Are there any other significant changes brought about by SBEEA practitioners should be aware of?

The Insolvency Red Tape Challenge, which was established by the Government in 2012, identified a number of measures designed to improve the efficiency of insolvency processes and reduce the costs of administering insolvency proceedings. The Insolvency Service consulted on these measures in July 2013 and published the Government response to the consultation in January 2014. Part 10 of SBEEA contains measures that result from these proposals. Some significant changes to be brought about by Part 10 of SBEEA include:

  • A power for administrators to bring claims for fraudulent or wrongful trading

Section 117 amends the Insolvency Act 1986 ("IA 1986") to permit an administrator to bring an action for wrongful or fraudulent trading where a director (or in the case of fraudulent trading, any person) has caused the business of an insolvent company to trade wrongfully or fraudulently.

  • A power to assign statutory causes of action

Section 118 of SBEEA amends the IA 1986 to allow a liquidator or administrator to assign causes of action in respect of, amongst other things, fraudulent trading, wrongful trading, transactions at an undervalue and preferences.

  • Meetings

Section 122 and 123 of SBEEA amend the IA 1986 so that physical meetings will no longer be the default mechanism for seeking decisions from creditors and contributories in insolvency proceedings.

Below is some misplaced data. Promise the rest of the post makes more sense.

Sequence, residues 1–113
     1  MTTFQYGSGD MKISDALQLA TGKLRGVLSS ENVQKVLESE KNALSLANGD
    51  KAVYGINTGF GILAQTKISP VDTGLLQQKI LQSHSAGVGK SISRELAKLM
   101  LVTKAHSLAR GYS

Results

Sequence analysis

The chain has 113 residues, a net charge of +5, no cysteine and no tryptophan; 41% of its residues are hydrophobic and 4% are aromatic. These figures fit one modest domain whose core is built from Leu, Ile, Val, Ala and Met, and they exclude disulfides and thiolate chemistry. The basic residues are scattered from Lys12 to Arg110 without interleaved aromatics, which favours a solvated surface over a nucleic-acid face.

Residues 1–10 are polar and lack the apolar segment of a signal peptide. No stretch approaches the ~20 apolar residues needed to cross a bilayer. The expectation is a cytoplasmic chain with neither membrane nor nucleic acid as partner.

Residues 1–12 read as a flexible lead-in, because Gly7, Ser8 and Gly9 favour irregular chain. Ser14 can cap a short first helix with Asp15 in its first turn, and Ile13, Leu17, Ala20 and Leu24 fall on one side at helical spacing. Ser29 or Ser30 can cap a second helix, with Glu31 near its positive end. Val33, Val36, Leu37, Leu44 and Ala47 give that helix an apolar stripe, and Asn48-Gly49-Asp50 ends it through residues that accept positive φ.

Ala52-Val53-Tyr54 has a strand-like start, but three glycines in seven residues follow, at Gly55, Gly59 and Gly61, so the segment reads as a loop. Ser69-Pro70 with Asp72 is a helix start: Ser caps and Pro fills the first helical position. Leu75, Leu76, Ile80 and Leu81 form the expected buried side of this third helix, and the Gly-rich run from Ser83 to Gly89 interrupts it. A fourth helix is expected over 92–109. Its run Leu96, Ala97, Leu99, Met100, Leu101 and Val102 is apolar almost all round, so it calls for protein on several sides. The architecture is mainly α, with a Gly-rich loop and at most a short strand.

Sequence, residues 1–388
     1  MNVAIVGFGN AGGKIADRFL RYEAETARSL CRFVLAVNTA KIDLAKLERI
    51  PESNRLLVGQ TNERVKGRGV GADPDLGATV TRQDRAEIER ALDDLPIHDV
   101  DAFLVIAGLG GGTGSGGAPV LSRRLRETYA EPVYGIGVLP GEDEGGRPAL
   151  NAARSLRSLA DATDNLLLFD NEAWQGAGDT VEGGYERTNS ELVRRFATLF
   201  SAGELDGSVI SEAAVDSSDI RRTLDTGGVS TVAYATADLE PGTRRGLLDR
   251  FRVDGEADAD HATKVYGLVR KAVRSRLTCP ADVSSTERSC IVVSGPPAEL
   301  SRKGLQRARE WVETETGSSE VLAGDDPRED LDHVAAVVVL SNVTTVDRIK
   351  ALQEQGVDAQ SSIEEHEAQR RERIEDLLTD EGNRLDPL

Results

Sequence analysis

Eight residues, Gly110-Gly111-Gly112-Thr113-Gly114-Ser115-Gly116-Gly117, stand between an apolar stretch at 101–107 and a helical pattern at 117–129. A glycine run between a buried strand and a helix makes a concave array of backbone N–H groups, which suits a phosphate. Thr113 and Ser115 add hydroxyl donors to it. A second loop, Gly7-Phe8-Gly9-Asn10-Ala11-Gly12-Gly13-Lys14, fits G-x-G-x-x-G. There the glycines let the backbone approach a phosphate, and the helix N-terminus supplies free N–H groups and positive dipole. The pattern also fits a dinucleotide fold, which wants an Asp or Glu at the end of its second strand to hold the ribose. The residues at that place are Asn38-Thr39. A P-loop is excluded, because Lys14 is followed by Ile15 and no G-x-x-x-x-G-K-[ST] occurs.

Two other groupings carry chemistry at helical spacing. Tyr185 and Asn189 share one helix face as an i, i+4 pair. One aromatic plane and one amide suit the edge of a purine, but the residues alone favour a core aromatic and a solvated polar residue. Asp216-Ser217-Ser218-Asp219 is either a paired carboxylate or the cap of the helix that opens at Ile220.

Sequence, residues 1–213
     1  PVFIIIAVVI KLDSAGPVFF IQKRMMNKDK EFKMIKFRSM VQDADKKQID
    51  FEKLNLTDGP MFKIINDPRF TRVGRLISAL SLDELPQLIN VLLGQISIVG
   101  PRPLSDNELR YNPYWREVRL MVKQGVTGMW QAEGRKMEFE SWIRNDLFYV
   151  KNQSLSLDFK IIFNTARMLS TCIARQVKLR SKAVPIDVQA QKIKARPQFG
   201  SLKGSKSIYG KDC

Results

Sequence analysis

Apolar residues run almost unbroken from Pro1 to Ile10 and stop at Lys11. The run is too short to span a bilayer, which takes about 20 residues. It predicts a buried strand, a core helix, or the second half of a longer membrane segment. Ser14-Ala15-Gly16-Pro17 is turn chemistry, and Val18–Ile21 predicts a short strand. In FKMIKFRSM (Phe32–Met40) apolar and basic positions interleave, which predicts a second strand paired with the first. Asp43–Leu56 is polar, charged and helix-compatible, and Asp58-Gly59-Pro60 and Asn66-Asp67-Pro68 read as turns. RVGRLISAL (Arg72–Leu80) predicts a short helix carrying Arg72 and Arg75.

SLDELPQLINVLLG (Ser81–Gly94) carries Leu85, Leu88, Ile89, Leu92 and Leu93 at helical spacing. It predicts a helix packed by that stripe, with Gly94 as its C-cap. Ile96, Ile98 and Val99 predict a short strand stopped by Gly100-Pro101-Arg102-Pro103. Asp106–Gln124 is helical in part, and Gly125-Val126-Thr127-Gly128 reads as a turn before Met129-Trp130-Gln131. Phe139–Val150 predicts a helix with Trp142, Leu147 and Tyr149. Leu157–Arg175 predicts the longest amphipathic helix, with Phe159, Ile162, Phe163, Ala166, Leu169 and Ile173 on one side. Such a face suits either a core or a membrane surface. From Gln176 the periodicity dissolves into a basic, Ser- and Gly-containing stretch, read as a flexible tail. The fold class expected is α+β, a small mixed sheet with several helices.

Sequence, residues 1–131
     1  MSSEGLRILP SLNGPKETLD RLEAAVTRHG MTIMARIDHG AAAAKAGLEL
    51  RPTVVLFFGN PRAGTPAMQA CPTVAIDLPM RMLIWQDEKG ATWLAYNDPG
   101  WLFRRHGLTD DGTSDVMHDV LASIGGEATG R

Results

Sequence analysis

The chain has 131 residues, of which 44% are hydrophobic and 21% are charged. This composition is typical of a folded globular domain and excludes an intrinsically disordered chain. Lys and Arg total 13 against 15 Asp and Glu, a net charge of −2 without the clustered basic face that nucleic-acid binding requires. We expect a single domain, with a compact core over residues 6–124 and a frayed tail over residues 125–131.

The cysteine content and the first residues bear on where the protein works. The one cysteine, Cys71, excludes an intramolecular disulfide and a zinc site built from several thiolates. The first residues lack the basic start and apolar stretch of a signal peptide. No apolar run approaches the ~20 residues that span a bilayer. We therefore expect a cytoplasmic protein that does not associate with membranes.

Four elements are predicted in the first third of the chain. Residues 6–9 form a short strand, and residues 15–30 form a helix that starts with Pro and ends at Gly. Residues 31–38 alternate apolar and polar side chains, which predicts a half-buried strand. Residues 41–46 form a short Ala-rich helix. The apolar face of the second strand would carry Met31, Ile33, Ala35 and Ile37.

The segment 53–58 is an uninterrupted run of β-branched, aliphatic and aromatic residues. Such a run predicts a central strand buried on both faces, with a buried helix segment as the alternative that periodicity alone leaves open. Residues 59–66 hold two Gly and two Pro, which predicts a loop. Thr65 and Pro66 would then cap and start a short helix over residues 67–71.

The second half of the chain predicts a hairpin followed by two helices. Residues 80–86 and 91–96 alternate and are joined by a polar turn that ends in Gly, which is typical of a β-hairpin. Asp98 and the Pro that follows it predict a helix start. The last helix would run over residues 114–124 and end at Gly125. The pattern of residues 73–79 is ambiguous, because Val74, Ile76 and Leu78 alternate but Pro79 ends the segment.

• Administration: sales to connected persons

Section 129 of SBEEA creates a power for the Government to make regulations in respect of sales in administration to connected parties. Such regulations could prohibit such sales or stipulate conditions to be met to allow such sales to proceed. This follows the ‘The Graham Review into Pre-Pack Administration’ which recommended a package of voluntary reforms to improve the transparency and outcomes of pre-pack administrations. That report also recommended that the Government take a power along the lines set out in section 129 to cover all business sales to connected persons in administrations, not just what are traditionally thought of as pre-packs (in case the market did not adopt the Review’s voluntary reforms). The conditions and requirements that could be stipulated include, in particular, the requirement to seek the approval of creditors, the court or an independent person.

All of the changes described above will only come into force once further secondary legislation has been passed.  There is, however, no precise indication, at this stage, as to when this may be.

And what are the main insolvency related changes brought about by the Deregulation Act?

The main changes to be brought about by this Act are as follows:

  • A new regime will allow for the partial authorisation of insolvency practitioners. In the future, insolvency practitioners will be able to be authorised in relation to companies, individuals or both (as is currently the case).
  • Changes will be introduced to prevent unnecessary delays to the appointment of administrators, for example, by clarifying that winding-up petitions presented during the interim moratorium preceding administration do not prevent the appointment of an administrator.

The majority of these changes will be introduced in or after October 2015.

Filed Under: Insolvency